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employment can include practical guidance to eliminate discrimination against contract workers and by trade organisations.
Amendment No. 179 is a consequential amendment which clarifies the meaning of trade organisations for the purpose of the Bill.
Perhaps I may make a further point in order to flag it up for Third Reading. We may wish to return on Third Reading to clarify the position of the bodies which issue qualifications. Such bodies are excluded if they are in the education sector, as defined by Clause 13(5), but they may otherwise be covered by Part III of the Bill if they are deemed to provide services to the public. We are considering what the consequences might be and whether we should rely on the Bill's regulation-making powers to detail what is or is not reasonable for such bodies to have to comply with Part III. If we are not satisfied that that is the right approach we may return to the House on Third Reading with further amendments setting out on the face of the Bill how qualifying bodies are affected.
I hope that that description of the amendments is useful. I beg to move.

10 p.m.

Lord McCarthy: My Lords, we welcome this series of amendments. I wish to ask three questions in order to gain some enlightenment. I cannot find a clear definition on the face of the Bill or in the amendments of a trade organisation. I may be wrong and the Minister may point it out to me. Amendment No. 179 indicates that I can find the definition somewhere else, but I cannot find the definition itself. It is a term of art and it is a new term to me. We are not talking only about trade unions. Are professional associations, employers' associations, institutes—for example, the Institute of Personnel Management—trade associations, pressure groups and single interest groups trade organisations covered by the Bill? There may be a simple answer to that question. It may be that the Government tabled the amendment late, that I got up rather late and that I have not found the definition in the Bill. Perhaps the Minister will enlighten me.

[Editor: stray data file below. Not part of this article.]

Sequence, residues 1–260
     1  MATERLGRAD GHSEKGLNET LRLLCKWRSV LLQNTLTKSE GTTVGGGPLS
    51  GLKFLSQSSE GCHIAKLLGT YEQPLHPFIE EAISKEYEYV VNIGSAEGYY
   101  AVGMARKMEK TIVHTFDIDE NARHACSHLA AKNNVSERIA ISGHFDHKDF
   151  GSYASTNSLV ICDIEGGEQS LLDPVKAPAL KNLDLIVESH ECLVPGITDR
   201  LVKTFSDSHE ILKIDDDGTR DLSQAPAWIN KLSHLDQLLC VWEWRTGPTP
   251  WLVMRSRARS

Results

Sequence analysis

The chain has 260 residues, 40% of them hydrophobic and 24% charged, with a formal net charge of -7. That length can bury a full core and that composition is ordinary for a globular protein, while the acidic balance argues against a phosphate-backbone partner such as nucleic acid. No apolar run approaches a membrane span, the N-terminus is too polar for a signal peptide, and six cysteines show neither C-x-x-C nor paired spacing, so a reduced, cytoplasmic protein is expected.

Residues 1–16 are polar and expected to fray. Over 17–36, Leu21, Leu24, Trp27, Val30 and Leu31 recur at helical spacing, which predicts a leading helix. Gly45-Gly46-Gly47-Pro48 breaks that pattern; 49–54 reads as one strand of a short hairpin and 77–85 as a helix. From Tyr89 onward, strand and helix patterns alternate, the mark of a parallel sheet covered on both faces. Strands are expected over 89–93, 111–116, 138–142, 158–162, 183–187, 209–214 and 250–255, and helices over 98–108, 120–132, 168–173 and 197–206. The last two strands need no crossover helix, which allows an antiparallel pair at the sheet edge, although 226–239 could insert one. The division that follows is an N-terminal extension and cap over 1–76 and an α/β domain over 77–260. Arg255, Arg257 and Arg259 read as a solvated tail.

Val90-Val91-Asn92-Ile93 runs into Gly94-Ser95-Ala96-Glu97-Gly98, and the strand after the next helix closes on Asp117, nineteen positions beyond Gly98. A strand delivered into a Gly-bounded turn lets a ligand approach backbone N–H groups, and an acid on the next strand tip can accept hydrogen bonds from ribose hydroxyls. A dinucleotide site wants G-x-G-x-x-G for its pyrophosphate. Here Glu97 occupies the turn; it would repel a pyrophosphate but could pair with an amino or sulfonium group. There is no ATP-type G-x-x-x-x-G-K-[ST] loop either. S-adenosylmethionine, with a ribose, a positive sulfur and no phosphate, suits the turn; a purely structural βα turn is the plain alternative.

The Minister must be aware of my second point because he said that the Government had had discussions with the TUC. It is a TUC point. The TUC would not oppose the amendment but would like to have clarification from the Government, which it has not yet received. First, where a non-disabled person would not be eligible for membership of a union, under this clause a similarly disabled person will also not be eligible for membership. Of course, as the noble Lord will know, many unions in their rule books limit eligibility. Nurses cannot join the National Union of Mineworkers, for instance. It is understood that if the amendment is passed that position will not change. But the TUC would like to have the matter clarified.

The second point is more complicated but I understand that the Government have been informed of it. It is feared that the amendment might render unions liable for any failure to make adjustments by an informal group of union members of whose existence the union's officers are unaware. I refer to groups of

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union members not recognising union rule books and with whom the national union does not communicate and who are given no powers or resources. They may emerge in workplaces where the union is not recognised. Does the amendment mean that the union has some degree of responsibility over such people, including entry into the union?

I have outlined two concerns and a point of information. I look forward to hearing what the Minister has to say.